The statement of these principles is easier than the application of them to concrete facts. One of the commonest cases involving the distinction is that of a general assignment by a debtor for the benefit of his creditors. The English courts hold that the delivery of such an assignment vests no rights in the creditors.13 Yet it gives rise to something more than a mere agency, for when the creditors assent, the assignment cannot be revoked.14 It is in effect, therefore, under the English view, an offer to the creditors of a trust for their benefit.

11Ames, Cm. Trusts, 2d ed., 232, note; Perry on Trusts, 9th ed., Sec. 106. 12 See infra, Sec. 389.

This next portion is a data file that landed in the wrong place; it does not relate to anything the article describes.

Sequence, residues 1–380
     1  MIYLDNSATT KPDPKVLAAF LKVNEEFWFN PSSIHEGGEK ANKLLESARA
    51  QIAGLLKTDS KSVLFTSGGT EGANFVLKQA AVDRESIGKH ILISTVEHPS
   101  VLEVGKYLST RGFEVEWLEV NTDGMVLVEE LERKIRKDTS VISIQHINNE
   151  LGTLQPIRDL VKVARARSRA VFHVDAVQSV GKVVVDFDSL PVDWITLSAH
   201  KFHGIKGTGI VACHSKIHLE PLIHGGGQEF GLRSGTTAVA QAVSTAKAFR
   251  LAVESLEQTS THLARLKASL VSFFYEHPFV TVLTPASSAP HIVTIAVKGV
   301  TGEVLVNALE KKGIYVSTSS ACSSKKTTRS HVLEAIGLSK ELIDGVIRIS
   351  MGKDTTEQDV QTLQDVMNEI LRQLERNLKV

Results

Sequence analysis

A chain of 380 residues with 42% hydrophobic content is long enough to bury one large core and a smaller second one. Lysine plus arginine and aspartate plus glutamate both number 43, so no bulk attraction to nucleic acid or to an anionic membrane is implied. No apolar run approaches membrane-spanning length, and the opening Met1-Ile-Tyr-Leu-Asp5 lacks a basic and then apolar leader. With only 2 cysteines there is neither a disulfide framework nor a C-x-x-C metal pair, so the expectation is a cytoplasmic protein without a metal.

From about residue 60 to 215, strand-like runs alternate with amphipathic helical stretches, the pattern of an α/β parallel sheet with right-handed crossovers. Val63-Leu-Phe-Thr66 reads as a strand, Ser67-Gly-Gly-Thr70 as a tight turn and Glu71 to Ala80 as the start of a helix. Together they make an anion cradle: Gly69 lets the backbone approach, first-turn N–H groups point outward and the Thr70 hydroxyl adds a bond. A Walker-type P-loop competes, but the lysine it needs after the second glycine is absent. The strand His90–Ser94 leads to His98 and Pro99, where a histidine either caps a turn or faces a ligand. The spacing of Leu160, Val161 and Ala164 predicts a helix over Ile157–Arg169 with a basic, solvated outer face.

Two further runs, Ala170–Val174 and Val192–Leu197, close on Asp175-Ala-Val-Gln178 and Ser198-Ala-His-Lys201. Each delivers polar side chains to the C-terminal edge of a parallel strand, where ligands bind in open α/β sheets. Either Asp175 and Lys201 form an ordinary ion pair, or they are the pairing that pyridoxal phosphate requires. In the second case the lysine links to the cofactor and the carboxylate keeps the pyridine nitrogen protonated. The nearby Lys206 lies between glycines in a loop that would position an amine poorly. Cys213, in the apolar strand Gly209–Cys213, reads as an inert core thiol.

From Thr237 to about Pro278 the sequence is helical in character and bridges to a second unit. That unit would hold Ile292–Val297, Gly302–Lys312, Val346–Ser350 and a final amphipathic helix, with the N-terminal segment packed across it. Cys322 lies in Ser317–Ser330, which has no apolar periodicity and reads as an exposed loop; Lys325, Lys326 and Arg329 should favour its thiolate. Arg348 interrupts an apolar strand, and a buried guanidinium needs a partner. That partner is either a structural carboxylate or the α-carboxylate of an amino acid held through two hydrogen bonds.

13 Garrard v. Lauderdale, 3 Sim. 1. Smith v. Keating, 6 C. B. 136. 14 Ibid

Until the offer is accepted, but no longer, the assignee is agent or trustee for the assignor. In the United States such assignments are held, with better reason, to create irrevocable trusts from the moment the deed is executed.15